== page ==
News for International Educators Across Canada
March 2020
Financial worries for educational institutions;
Join us for our Crisis Communications webinar

Just take a look at Italy to realize how quickly the coronavirus pandemic is shifting. Only a week ago, Italian National Tourist Board officials were emphasizing that the outbreak was confined to the northern part of the country - tourists were welcome and safe in the south. Within three days, the virus spread and the government was forced to halt travel throughout Italy. So far, 631 people have been killed and 10,000 infected there.  

International education organizations here in Canada need to be prepared for shifting sands. That's why we are holding a webinar next week on Crisis Communications. Be prepared to communicate clearly and effectively with key stakeholders - students, parents, agents, host families and others. Visit our website or see below for details and to register.

As always, please get in touch if you have any comments or questions!

Join our webinar: Crisis Communications

The coronavirus outbreak has created the need for international education programs to prepare a Crisis Communication Plan to respond to key stakeholders, including students, parents and staff.

You're invited to attend our one-hour webinar Successfully Managing Crisis Communications on Thursday, March 19 at 2 pm Eastern (11 am Pacific).

In the webinar, we'll be covering:


  •  What your crisis communications plan should include
  •  How to be prepared for the changing nature of the coronavirus outbreak
  •  How to convey your messages clearly and calmly
  •  How to use social media to explain the situation

The webinar costs just $49 plus tax per person.

About the presenter
Doug Ronson is a former news reporter and editor who has been a leader for the past 20 years in international education and communications. He advises on communication strategy, prepares press releases and develops web content for a variety of non-profit and for-profit organizations. He has presented on effective communications at the annual conferences of the Canadian Association of Public Schools - International (CAPS-I) and Languages Canada. He has provided training in working with the news media to corporations such as Bombardier.
Coronavirus poses financial risk to
Canadian post-secondary schools
The coronavirus outbreak is a huge health crisis - but also will have a significant economic impact. Canada's higher education sector is especially vulnerable, since it is highly dependent on tuition fees paid by international students from China, the centre of the outbreak.

School districts receive considerable government funding so are less exposed to a downturn in international student numbers. On the other hand, private language schools depend almost exclusively on overseas students.

In the post-secondary sector, let's look at two Canadian institutions - Seneca College and Cape Breton University.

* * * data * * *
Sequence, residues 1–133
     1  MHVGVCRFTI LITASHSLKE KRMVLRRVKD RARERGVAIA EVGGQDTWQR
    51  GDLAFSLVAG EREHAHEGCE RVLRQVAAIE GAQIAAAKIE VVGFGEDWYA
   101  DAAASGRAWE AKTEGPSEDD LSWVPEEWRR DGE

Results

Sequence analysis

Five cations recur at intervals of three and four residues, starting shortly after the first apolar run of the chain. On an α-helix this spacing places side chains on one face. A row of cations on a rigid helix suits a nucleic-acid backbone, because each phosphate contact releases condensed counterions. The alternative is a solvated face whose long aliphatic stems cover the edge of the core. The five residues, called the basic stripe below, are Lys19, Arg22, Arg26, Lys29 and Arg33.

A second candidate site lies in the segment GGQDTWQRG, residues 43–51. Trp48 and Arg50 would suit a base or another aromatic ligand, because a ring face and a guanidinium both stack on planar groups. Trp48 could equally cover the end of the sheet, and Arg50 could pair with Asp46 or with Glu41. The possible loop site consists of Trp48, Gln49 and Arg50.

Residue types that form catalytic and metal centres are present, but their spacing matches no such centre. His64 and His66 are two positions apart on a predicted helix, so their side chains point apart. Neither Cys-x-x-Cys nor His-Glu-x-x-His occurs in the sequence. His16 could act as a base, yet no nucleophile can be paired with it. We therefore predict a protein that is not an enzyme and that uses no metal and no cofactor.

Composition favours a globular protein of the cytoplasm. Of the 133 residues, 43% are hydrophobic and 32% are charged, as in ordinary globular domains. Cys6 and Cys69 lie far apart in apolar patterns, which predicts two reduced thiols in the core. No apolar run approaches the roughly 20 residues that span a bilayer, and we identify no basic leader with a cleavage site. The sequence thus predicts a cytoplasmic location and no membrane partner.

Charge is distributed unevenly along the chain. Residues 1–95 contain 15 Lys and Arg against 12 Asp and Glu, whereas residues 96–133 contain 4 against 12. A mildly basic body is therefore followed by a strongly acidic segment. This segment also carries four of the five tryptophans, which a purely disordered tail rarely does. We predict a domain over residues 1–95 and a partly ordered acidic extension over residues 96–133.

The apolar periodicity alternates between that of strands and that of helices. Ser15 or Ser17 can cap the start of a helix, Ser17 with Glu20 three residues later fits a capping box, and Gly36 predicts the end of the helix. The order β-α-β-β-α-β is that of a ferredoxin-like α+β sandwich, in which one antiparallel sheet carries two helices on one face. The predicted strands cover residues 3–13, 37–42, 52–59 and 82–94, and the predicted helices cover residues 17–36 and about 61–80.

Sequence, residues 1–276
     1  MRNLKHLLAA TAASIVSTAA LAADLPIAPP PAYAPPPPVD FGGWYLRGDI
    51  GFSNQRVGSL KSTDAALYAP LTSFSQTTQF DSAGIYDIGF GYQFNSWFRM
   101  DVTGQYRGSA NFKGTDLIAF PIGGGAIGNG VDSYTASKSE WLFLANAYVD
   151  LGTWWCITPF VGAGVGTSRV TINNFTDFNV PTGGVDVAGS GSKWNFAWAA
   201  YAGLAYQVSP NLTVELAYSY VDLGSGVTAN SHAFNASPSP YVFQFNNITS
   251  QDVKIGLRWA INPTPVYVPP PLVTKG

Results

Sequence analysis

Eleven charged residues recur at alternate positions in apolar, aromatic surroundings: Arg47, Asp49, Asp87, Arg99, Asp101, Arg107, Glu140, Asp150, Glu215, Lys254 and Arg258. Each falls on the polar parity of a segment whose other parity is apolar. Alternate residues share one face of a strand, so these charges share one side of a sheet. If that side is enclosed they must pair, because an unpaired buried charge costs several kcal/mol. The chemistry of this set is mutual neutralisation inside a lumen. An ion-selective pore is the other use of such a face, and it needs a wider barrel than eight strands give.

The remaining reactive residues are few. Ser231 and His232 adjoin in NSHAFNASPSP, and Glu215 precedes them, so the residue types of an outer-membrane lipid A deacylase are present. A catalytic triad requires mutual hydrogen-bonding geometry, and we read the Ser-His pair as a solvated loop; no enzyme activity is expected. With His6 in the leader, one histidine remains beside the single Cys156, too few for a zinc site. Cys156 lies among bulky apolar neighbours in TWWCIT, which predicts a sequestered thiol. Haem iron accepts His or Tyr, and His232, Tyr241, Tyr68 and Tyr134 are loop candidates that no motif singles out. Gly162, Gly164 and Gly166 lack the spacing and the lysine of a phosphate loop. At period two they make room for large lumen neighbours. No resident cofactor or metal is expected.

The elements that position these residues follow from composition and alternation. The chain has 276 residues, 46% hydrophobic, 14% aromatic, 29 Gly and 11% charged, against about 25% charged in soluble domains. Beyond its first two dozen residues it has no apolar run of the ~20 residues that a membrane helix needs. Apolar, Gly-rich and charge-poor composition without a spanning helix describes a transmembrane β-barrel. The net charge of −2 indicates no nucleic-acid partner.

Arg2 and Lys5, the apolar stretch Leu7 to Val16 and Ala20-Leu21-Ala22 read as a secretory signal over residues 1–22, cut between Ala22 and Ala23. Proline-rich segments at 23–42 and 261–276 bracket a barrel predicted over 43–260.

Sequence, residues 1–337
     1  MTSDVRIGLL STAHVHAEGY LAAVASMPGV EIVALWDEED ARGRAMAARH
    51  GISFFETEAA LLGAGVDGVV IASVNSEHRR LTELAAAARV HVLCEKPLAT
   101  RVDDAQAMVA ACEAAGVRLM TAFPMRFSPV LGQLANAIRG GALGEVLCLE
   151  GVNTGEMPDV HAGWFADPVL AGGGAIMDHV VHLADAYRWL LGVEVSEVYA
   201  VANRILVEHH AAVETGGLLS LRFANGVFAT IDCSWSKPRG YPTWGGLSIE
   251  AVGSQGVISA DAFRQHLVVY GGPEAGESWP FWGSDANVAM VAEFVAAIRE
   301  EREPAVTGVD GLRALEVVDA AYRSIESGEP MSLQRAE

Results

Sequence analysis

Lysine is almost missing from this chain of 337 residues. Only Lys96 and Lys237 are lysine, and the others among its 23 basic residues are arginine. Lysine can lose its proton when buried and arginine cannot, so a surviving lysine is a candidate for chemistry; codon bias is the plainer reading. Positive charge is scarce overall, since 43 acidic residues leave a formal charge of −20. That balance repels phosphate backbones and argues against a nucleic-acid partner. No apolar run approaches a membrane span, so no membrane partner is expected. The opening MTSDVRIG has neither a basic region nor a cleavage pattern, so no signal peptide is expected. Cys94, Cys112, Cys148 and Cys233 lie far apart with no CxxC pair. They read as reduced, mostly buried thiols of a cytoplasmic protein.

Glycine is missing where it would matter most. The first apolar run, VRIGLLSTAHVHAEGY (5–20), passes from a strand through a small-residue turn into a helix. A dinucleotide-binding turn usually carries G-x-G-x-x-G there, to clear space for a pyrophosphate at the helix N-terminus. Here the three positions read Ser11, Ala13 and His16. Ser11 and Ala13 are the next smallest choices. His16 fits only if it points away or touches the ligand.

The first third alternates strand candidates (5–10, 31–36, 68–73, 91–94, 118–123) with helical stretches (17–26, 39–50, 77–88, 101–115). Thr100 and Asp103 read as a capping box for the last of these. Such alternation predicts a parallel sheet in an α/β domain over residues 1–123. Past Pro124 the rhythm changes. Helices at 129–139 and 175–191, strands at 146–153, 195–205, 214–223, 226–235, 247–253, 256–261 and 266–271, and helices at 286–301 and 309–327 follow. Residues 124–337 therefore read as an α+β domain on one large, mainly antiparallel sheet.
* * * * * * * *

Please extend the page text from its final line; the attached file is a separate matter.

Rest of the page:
At Seneca, about 25 percent of the enrollment is international students. However, the financial dependency is much greater since these students pay much higher tuition than domestic students. It's estimated that international students pay up to 40 percent of the total tuition fees at Seneca.

Decades ago, governments funded a large portion of higher education. That's no longer the case. More than half of Seneca's annual revenues of $453 million comes from students - $249 million to be exact.

At this point, we don't know whether Fall 2020 enrollments in Canadian post-secondary institutions will fall dramatically. Currently, China has suspended testing for IELTS and TOEFL - meaning that students cannot get the English-language certification required by Canadian schools. And potential students would need to meet medical requirements to obtain a study permit.

At Cape Breton University in Nova Scotia, more than half of the students are from overseas. Students from India are the largest segment. Fortunately, India has only a few coronavirus cases so far - but as we know, with this virus the situation can change very quickly.

Student demand is another unknown. Currently, Canada has just 93 cases and one death. However, if the outbreak gets worse, students from India and other countries may postpone their studies or choose an alternative destination.

In Australia, the economic impact is already being felt. This month, 107,000 students from China are stranded in their home country on summer break. More than 25,000 have made their way to Australia and are undergoing a two-week quarantine - but the economic fallout will be huge if the rest don't return this semester.

A single Australian school, the University of Sydney, is projecting a $200 million loss this year alone. New South Wales is estimating that the economic impact across the state could be $1.4 billion and that 10,700 full-time jobs could disappear. That includes not just teachers but people who provide all kinds of services to international students - restaurant staff, hair stylists and travel sector employees.

There's a lot of talk about switching to online learning while the outbreak continues. Certainly, that will enable students to continue their education - but it's not a panacea. The economic impact of the coronavirus will still be large.